(Updates with Total comment)
WASHINGTON (ICIS)--French energy giant Total has agreed to pay nearly $400m (€312m) to resolve allegations that it violated US anti-corruption law by paying some $60m in bribes to Iranian officials between 1995 and 2004, the Department of Justice (DOJ) said on Wednesday.
The department also said that French authorities are seeking criminal prosecution of Total chairman and CEO Christophe de Margerie and two other individuals for alleged violation of France’s anti-bribery law and other statutes.
Under the agreement between Total and the DOJ, the US will defer prosecution of the oil and gas company for three years and then conclude the case - providing that Total further cooperates with the department and meets certain compliance requirements.
“These settlements, the outcome of which are customary in the United States, allow us to put an end to this investigation,” said Total CFO Patrick de la Chevardiere. “We look forward to continuing our work and in demonstrating our strong commitment to ensuring ethical and legal compliance with the laws around the world.”
In a criminal information document filed with a US District Court in Virginia, the department charged Total with one count of conspiracy to violate the anti-bribery provisions of the US Foreign Corrupt Practices Act (FCPA), one count of violating the internal controls provisions of the FCPA and an additional allegation that Total violated record-keeping provisions of the law.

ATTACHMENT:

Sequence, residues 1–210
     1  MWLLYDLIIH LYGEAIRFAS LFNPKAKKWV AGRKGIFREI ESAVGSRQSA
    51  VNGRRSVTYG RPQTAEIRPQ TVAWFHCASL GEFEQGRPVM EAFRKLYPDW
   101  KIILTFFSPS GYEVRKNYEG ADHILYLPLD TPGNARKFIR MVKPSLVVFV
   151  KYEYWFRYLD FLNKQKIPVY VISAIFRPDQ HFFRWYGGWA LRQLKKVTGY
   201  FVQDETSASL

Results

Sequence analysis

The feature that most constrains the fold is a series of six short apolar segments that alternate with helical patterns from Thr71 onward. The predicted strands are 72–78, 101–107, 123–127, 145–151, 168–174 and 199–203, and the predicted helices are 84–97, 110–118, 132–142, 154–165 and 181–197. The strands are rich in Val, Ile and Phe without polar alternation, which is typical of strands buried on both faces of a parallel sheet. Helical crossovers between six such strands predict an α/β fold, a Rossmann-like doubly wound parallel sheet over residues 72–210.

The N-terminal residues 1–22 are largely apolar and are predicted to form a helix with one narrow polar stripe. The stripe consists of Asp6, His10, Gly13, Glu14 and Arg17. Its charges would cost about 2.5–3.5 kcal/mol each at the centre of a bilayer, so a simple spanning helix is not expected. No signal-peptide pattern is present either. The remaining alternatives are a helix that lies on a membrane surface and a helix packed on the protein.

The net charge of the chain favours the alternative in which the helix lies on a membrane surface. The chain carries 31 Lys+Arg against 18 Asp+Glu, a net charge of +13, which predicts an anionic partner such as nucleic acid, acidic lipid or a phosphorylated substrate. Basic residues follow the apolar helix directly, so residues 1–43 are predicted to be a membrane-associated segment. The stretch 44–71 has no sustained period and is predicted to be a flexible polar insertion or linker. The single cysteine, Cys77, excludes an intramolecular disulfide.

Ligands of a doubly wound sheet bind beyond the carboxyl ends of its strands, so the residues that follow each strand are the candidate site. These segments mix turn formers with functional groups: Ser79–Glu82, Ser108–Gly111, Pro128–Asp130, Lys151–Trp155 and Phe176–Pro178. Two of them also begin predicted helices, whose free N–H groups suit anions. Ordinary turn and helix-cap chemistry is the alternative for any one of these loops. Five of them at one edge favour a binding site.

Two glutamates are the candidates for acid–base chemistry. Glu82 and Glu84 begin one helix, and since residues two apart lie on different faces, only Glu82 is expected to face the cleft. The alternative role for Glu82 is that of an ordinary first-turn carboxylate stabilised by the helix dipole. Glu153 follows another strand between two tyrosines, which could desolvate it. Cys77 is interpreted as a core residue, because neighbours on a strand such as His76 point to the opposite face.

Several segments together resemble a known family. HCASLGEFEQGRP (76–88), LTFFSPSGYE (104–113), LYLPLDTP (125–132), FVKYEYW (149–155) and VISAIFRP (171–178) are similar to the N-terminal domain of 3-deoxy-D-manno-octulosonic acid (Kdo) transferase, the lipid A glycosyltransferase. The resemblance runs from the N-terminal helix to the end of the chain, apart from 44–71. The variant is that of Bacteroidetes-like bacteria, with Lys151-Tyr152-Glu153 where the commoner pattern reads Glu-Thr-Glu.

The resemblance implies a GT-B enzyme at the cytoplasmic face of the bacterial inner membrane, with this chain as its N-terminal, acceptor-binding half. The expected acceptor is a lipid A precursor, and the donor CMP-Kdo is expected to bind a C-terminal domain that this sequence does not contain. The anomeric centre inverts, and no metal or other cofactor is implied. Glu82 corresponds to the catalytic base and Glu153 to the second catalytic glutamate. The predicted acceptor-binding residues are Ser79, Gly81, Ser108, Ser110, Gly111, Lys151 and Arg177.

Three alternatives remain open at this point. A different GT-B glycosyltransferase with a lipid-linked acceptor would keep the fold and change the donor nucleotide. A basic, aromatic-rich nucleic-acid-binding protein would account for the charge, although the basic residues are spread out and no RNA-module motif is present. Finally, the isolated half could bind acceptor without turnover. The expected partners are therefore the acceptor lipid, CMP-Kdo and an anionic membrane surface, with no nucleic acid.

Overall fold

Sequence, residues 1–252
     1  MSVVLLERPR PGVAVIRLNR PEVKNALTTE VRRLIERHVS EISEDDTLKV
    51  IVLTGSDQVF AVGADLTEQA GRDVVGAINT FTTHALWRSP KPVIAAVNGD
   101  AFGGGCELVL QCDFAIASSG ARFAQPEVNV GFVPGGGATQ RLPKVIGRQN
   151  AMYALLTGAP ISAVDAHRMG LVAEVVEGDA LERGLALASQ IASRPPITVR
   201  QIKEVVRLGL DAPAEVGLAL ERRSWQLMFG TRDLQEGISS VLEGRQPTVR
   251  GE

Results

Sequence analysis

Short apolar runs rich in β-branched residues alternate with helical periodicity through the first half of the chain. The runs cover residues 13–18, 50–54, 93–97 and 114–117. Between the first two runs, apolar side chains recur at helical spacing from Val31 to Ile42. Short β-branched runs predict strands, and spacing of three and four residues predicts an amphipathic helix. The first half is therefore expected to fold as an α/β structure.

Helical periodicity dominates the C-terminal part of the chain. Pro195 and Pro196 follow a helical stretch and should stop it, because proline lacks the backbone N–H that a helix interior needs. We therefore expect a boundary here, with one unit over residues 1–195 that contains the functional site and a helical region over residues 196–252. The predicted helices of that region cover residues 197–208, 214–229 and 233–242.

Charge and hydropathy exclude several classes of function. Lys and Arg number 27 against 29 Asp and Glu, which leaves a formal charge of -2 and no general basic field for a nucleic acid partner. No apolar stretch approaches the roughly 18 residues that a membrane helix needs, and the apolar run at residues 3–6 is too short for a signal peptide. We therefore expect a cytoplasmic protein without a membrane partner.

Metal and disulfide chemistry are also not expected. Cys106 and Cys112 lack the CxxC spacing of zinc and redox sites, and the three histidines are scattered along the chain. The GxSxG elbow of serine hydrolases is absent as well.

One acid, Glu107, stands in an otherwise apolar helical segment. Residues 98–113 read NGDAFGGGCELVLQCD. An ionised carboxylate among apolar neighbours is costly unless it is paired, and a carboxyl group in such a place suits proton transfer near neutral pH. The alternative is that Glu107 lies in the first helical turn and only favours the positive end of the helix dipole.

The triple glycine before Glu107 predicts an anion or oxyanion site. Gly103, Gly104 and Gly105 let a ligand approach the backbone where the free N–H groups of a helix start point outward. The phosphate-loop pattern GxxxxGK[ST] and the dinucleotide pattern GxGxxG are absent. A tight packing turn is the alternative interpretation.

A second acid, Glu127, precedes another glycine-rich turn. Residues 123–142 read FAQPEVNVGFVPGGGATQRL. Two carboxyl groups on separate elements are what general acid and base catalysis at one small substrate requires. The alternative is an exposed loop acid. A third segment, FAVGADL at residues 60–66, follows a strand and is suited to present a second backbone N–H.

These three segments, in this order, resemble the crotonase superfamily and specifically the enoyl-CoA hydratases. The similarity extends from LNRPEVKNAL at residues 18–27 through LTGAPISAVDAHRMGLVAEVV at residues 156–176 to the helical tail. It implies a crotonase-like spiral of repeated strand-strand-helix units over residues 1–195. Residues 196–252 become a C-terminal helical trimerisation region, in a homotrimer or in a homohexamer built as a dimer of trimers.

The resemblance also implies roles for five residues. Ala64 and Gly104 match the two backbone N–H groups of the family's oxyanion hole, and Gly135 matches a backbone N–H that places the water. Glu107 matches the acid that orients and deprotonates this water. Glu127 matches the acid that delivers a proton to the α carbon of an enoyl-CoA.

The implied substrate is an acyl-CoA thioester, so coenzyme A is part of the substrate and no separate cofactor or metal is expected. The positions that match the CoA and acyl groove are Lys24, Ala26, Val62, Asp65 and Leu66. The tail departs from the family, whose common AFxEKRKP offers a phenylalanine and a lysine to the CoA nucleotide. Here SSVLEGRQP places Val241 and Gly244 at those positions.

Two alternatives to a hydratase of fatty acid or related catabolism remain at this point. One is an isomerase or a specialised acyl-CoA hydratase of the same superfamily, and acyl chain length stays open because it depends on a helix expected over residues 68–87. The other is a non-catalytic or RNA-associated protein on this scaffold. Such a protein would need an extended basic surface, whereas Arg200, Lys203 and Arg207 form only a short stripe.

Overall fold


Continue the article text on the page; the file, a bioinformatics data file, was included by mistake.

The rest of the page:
On those three charges, Total has agreed to pay a penalty of $245.2m, and the firm agreed to hire an independent corporate compliance monitor for three years as part of an internal programme of controls to prevent and detect FCPA violations.
In addition to that penalty, Total agreed to pay $153m in “disgorgement and prejudgement interest” to the US Securities and Exchange Commission (SEC) and to comply with certain SEC-mandated compliance requirements.
Total comes under the jurisdiction of the SEC and the Justice Department because it trades on the New York Stock Exchange (NYSE).
According to the Justice Department, the bribery charges arise from Total’s effort in 1995 to re-enter the Iranian oil and gas market through a contract with the National Iranian Oil Company (NIOC) to develop Iran’s Sirri A and E oil and gas fields.
Total subsequently entered into a purported consulting agreement with the Iranian chairman of a state-owned engineering company, said the department, “in which Total would corruptly make payments to an intermediary designated by the Iranian official to secure NIOC signing a development agreement with Total for the Sirri A and E project, which NIOC did in July 1995”.
DOJ said that Total paid the Iranian official approximately $16m under the purported consulting agreement.
In addition, the criminal information charges that Total sought another NIOC development contract in 1997 for work in a portion of Iran’s South Pars gas field.
Under a second purported consulting contract, Total was said to have made unlawful payments of some $44m over the next seven years to secure a 40% interest in developing phases two and three of the South Pars field.
The department said that Total “mischaracterised the unlawful payments as ‘business development expenses’ when they were in fact bribes designed to corruptly influence a foreign official”.
($1 = €0.78)